Bitcoin’s Wall Street Debut Ends in Tears for Futures Traders, Leads to $83M Liquidations

Bitcoin ETFs clocked up some $4.6 billion in volumes on their first day, but market volatility hit futures speculators as prices whipsawed.

AccessTimeIconJan 12, 2024 at 6:39 a.m. UTC
Updated Mar 8, 2024 at 7:53 p.m. UTC

The debut of bitcoin (BTC) exchange-traded funds (ETFs) in the U.S. did not turn out to be an outright sell-the-news event as some expected but still impacted $80 million in both long and short bitcoin futures bets as prices rose rapidly and retreated.

Shortly after the first ETFs started trading, bitcoin prices climbed to over $49,000 briefly – igniting bullish sentiment and levered bets amid the sudden spike. That drove prices of various majors, such as ether (ETH) and Solana’s SOL, up as much as 10% within hours.

However, bitcoin reversed course as the initial euphoria wore off, and market observers stated the hundreds of millions in volumes driven by Grayscale’s bitcoin ETF were likely driven by sellers.

Prices fell to as low as $45,700, or the level before the ETFs started to trade, and have not broken above the $47,000 mark since late Thursday.

The Grayscale bitcoin ETF is an uplisting of Grayscale’s now-defunct bitcoin trust product – which held a certain amount of spot bitcoin in each share and had traded at a holdings-to-share value discount for all of 2023.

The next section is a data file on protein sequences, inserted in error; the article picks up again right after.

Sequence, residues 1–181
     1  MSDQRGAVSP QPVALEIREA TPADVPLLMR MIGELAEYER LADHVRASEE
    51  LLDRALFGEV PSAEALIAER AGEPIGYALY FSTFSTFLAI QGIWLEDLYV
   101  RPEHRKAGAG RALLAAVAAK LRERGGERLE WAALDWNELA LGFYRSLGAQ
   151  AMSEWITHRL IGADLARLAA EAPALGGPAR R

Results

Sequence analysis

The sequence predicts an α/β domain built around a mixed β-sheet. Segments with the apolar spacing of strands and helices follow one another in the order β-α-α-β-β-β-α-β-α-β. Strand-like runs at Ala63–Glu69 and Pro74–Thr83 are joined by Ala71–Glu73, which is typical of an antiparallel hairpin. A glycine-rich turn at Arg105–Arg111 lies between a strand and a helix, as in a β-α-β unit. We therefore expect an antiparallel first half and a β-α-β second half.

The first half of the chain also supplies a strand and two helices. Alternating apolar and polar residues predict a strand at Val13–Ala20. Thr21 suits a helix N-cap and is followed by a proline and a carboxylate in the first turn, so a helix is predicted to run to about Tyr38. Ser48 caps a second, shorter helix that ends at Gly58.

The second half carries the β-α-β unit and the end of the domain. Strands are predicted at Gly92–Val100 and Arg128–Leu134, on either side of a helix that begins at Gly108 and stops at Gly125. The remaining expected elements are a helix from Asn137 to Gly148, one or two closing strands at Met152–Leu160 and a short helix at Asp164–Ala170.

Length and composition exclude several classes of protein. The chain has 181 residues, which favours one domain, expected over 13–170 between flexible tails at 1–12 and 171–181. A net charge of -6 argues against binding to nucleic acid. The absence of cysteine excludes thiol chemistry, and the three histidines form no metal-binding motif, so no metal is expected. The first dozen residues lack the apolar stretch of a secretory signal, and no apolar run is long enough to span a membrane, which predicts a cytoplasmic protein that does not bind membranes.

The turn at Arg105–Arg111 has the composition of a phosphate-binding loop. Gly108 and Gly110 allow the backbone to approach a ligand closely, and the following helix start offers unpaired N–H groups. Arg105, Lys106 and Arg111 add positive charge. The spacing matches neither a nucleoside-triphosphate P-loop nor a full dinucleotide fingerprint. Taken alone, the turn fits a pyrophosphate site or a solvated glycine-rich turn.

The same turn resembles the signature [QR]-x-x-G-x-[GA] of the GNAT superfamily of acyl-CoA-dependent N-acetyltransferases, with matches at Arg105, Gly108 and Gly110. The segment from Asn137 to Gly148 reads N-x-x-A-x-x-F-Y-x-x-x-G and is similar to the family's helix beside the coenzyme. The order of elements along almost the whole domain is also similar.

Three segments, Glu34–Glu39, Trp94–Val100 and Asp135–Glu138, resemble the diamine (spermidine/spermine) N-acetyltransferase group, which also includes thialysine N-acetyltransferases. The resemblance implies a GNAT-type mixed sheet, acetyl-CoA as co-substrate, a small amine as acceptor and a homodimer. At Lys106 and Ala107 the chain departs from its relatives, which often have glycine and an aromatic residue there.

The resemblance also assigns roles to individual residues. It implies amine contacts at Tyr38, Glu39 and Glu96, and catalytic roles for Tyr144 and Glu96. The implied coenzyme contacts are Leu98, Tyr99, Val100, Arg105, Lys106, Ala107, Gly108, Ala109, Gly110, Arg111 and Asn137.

Such a price whipsaw caused both long and short bitcoin futures traders to get liquidated amid the confusing price action. Nearly $40 million worth of bitcoin in either direction was impacted for a total of $83 million, with the most on the crypto exchange Binance.

Bitcoin and majors futures liquidations. (Coinglass)
Bitcoin and majors futures liquidations. (Coinglass)

A slide in bitcoin prompted similar price action in other futures products, amounting to over $230 million in liquidation losses – meaning traders lost a significant amount even as the overall market remained flat over the past 24 hours.

Liquidation refers to when an exchange forcefully closes a trader’s leveraged position due to a partial or total loss of the trader’s initial margin. It happens when a trader is unable to meet the margin requirements for a leveraged position (fails to have sufficient funds to keep the trade open).

Edited by Parikshit Mishra.


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Shaurya Malwa

Shaurya is the Deputy Managing Editor for the Data & Tokens team, focusing on decentralized finance, markets, on-chain data, and governance across all major and minor blockchains.

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